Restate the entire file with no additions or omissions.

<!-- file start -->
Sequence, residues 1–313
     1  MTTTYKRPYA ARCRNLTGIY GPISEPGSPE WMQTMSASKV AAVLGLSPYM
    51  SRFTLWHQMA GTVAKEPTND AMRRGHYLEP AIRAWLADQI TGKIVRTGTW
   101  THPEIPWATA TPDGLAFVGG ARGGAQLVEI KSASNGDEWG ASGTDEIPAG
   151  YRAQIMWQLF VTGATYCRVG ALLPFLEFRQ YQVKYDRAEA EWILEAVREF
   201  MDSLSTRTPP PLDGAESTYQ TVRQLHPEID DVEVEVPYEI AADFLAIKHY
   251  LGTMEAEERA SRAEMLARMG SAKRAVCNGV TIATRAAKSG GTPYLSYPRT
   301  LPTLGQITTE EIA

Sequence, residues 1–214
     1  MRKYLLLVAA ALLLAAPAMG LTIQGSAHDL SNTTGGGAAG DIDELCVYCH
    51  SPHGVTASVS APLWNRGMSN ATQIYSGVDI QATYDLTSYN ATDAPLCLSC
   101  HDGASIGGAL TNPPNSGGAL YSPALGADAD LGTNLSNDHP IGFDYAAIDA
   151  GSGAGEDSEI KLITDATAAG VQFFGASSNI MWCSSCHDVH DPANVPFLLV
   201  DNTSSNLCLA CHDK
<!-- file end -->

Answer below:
Sequence, residues 1–313
     1  MTTTYKRPYA ARCRNLTGIY GPISEPGSPE WMQTMSASKV AAVLGLSPYM
    51  SRFTLWHQMA GTVAKEPTND AMRRGHYLEP AIRAWLADQI TGKIVRTGTW
   101  THPEIPWATA TPDGLAFVGG ARGGAQLVEI KSASNGDEWG ASGTDEIPAG
   151  YRAQIMWQLF VTGATYCRVG ALLPFLEFRQ YQVKYDRAEA EWILEAVREF
   201  MDSLSTRTPP PLDGAESTYQ TVRQLHPEID DVEVEVPYEI AADFLAIKHY
   251  LGTMEAEERA SRAEMLARMG SAKRAVCNGV TIATRAAKSG GTPYLSYPRT
   301  LPTLGQITTE EIA

Sequence, residues 1–214
     1  MRKYLLLVAA ALLLAAPAMG LTIQGSAHDL SNTTGGGAAG DIDELCVYCH
    51  SPHGVTASVS APLWNRGMSN ATQIYSGVDI QATYDLTSYN ATDAPLCLSC
   101  HDGASIGGAL TNPPNSGGAL YSPALGADAD LGTNLSNDHP IGFDYAAIDA
   151  GSGAGEDSEI KLITDATAAG VQFFGASSNI MWCSSCHDVH DPANVPFLLV
   201  DNTSSNLCLA CHDK